Tuesday, June 17, 2014

Iraq Updates June 18 , 2014 ( check 6/18 IRAQ SITREP from Mindfriedo for all the events of the day - fantastic wrap up 1 ) --- U.S. rules out Iraq airstrikes for now President Obama opts to pursue alternative strategies , Saudis blast back at PM Maliki , Updates on the Kurdish situation , Tweets of the Morning .........( Evening June 17 , 2014 ) -- As troops move throughout Iraq , the news of the day was the preemptive blast by Iraq Prime Minister Maliki directed to not just the Sunnis , but also a broadside directly at the Saudis ! This Is Not Going As Planned: Iraq Prime Minister Defies US, Accuses Saudi Arabia Of "Genocide" ........ Meanwhile the Kurds keep loading and selling Kurdish oil , controlling Kurdish territory ! Note rising tensions between Kurds and Turkmen though in Kirkuk !

Evening wrap 6/18/14....

Explosive !

Donald Rumsfeld: The U.S. government paid Shia imam, Ali al-Sistani, $200 million to issue fatwas in support of the U.S. invasion of

Donald Rumsfeld: When Sistani received the money, President Bush established a new desk at the CIA, headed by retired admiral Symon Polandi

Donald Rumsfeld: My relationship with Sistani was established through Jawad al-Mahri, Mr. Sistani’s secretary in Kuwait

Former ambassador to : funding & arming terrorists in ; how can we trust they will attack in ?!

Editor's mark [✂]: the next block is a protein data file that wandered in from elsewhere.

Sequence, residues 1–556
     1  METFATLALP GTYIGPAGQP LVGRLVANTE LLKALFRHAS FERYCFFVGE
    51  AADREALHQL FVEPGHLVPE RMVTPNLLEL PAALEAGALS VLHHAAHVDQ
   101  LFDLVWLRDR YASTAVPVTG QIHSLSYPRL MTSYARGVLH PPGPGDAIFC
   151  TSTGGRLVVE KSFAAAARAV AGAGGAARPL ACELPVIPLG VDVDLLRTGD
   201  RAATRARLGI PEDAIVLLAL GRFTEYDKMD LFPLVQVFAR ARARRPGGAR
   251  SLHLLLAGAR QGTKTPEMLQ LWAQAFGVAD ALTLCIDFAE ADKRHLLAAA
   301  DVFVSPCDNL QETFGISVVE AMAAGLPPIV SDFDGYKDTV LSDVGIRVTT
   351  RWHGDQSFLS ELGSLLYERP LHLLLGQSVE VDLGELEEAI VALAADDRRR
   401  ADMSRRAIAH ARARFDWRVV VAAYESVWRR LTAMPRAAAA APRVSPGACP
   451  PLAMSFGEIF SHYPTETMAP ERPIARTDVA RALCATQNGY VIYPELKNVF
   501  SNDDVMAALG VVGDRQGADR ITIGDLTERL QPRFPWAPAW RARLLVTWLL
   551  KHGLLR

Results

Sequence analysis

for the fierce clashes inside oil refinery since hours..

David Petraeus Warns Obama "There Is Great Risk" In Military Involvement With Iraq

Tyler Durden's picture

The Army general who oversaw the U.S. military’s surge of troops into Iraq in 2007 issued a stark warning Wednesday on any further military action. As WaPo reports, Retired Gen. David Petraeus says a number of preconditions should be met before Washington intervenes in the growing crisis - the United States should not offer military support unless Iraqi Prime Minister Nouri al-Maliki (whoc has stated "it's too late for regret," is able to adjust political conditions there so that his Shiite-led government is seen as fair and representative throughout the country. The bottom line, he warns, "this cannot be the United States being the air force for Shia militias or a Shia on Sunni Arab fight. It has to be a fight of all of Iraq against extremists."

The architect of the successful “surge” strategy that helped to quell the last great outbreak of sectarian violence in Iraq almost a decade ago saidthere was a great risk that the U.S. would be seen as picking sides in a religious battle that has been waged for generations.


If America is to support then it would be in support of a government against extremists rather than one side of what could be a sectarian civil war,” he said at the Margaret Thatcher Conference on Liberty in London. “It has to be a fight of all of Iraq against extremists, who happen to be Sunni Arabs, but extremists that are wreaking havoc on a country."


Although Petraeus was careful not dismiss the idea of airstrikes entirely, he made it clear that his pre-conditions for support could not be met by the current government of Prime Minister Nouri al-Maliki.